Jaron Harambam (Chapter 28) poses the question of whether conspiracy theories are the result of a misinformed public or one wittingly believing false information. He asks how they are circulated in the media eco-system and why people follow forms of information often embraced by populists — distrust of institutions, distrust of knowledge/official truth, worldview/ ideology'. Who are the people who share and endorse these ideas? And should something be done to counter them — is debunking necessary? (See also Chapter 42.) Research on conspiracy theories is mostly rather serious business. It features the causes and consequences of a cultural phenomenon that is generally regarded a societal problem, and hence focuses too much on its dangers. This, he argues, obscures the affective and playful dimensions that are just as much part of conspiracy theories and points to this as a possible direction for future research. Conspiracy theory is one of the themes touched on by Catherine Baker and Andrew Chadwick (Chapter 29). They examine post-truth identities online by providing a conceptual framework for empirical research on the ideology of post-truth movements such as anti-vaxxers, flat-Earthers, and involuntary celibates. They argue that while cognitive biases, conspiracy mentalities, and the decline of trust in institutions are important roots of post-truth identities, digital and social media have played a role in enabling the construction and visibility of these identities and have made it easier for their adherents to connect with each other and sustain their knowledge, norms, and values. The final piece in Part III looks at the consumption of mis/disinformation.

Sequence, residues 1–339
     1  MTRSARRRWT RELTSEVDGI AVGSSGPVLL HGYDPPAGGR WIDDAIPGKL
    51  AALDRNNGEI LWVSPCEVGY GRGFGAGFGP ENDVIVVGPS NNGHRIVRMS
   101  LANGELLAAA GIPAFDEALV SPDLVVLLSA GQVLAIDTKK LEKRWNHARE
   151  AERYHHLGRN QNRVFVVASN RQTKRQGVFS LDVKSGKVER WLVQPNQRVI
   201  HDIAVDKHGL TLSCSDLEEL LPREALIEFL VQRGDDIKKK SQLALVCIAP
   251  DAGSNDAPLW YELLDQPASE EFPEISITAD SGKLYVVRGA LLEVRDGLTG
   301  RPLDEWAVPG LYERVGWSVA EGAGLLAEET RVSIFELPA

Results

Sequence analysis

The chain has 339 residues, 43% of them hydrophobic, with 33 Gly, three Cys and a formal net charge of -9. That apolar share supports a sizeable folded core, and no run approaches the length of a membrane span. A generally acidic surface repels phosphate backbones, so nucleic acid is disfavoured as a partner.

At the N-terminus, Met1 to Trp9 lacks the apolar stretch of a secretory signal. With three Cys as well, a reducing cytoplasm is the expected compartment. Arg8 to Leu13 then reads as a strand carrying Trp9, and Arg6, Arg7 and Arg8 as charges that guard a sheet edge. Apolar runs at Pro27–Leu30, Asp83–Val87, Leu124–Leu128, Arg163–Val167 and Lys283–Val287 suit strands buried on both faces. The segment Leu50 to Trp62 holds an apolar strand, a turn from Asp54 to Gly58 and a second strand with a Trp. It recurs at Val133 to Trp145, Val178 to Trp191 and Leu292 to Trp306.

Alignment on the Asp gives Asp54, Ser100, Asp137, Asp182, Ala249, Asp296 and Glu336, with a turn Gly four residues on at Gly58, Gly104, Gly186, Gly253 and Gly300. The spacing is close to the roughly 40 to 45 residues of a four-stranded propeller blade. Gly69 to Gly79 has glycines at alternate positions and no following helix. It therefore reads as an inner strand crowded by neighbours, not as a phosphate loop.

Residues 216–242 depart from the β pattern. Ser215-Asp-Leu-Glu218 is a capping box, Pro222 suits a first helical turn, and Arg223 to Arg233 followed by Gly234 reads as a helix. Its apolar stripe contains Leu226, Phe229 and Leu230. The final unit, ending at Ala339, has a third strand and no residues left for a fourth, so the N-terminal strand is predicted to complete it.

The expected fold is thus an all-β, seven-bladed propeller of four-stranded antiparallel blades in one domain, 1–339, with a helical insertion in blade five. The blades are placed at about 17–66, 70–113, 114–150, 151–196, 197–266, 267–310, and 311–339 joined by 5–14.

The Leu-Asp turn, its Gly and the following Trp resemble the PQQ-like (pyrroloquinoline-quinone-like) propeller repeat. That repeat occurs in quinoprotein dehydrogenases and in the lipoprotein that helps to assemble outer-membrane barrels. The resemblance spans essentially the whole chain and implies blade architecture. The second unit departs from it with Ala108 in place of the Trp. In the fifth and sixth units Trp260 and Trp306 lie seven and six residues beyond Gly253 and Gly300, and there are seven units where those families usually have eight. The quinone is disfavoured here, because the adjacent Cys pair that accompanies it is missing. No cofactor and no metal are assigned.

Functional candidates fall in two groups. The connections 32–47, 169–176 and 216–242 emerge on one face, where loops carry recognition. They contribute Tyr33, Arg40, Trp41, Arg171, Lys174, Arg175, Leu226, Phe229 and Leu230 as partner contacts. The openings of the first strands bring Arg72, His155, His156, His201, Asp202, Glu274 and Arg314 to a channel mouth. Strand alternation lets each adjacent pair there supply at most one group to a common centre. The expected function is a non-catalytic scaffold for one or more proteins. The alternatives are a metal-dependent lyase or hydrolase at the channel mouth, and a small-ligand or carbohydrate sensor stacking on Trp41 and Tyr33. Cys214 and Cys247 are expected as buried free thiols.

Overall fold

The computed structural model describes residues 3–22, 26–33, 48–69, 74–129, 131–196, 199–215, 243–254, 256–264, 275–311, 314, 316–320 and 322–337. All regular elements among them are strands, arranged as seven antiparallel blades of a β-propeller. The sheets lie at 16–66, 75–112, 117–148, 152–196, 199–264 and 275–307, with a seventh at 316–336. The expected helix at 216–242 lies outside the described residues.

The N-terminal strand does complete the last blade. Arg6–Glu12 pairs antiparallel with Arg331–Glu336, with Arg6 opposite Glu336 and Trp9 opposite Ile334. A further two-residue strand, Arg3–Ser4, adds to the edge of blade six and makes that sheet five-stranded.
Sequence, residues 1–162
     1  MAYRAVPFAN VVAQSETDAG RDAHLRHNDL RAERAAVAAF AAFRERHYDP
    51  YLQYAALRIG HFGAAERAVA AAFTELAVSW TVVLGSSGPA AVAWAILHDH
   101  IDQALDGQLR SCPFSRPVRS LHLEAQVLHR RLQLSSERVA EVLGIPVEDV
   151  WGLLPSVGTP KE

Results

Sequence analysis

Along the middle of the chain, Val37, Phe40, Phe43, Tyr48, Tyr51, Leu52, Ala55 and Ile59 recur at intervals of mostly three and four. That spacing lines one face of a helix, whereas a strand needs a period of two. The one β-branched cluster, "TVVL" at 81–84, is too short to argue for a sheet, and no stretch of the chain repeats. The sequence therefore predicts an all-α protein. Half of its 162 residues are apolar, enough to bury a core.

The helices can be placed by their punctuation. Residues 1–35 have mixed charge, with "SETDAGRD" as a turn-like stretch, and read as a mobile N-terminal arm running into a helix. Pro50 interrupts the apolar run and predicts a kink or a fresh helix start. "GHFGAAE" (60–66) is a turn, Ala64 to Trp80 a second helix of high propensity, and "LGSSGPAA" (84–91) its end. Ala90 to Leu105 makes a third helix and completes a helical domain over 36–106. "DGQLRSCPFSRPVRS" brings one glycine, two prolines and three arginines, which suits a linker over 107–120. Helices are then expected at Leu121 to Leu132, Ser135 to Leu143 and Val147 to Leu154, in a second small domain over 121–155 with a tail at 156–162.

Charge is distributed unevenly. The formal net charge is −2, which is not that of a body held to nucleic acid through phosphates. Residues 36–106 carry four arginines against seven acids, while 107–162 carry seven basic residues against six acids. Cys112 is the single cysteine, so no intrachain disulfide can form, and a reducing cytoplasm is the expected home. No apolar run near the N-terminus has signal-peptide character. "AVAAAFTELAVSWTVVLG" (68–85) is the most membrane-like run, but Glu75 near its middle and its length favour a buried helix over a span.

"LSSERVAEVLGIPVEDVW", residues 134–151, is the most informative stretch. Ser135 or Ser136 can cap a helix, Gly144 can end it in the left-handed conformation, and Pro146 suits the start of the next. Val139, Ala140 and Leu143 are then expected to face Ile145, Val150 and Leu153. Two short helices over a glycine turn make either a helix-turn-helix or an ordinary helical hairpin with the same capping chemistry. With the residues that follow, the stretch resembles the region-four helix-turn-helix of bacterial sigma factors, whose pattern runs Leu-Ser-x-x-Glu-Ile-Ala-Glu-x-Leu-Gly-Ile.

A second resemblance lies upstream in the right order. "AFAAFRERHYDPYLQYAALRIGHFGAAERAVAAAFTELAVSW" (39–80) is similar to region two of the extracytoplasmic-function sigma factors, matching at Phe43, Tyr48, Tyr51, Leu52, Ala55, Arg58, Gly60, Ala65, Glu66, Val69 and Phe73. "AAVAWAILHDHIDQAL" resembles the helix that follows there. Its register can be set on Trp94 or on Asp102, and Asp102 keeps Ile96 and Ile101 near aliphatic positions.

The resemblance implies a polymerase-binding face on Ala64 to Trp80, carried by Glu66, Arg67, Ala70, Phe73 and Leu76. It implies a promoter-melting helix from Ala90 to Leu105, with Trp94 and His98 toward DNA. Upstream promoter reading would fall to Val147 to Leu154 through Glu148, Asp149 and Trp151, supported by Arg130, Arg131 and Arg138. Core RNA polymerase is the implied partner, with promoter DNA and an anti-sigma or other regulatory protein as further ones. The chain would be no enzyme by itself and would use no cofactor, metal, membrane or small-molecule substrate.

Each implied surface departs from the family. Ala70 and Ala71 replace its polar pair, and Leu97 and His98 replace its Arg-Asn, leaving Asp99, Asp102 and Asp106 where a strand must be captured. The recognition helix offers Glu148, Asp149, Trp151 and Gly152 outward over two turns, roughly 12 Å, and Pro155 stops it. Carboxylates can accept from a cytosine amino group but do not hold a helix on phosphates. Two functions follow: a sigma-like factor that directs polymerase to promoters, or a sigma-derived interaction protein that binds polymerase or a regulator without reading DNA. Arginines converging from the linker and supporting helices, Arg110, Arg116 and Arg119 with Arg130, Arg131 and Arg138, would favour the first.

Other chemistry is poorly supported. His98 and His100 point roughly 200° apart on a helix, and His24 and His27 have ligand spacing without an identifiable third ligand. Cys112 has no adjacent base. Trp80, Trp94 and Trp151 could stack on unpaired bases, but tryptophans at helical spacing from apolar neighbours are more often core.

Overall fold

Sophie Lecheler and Jana Egelhofer (Chapter 30) identify two dimensions of the consumption of misinformation and disinformation: namely, ‘real’ and ‘perceived’. The first is the result of the consequences of the consumption of misinformation for citizen attitudes, behaviors, and emotions in various contexts. The second concerns public worries about a ‘disinformation crisis’ causing widespread perceived consumption effects. Citizens are concerned about being manipulated by what they perceive as disinformation. Consequently, they change their news media diet. This perceived consumption effect is aided by frequent uses of the ‘fake news’ and ‘disinformation’ labels by populist politicians when describing legacy news media.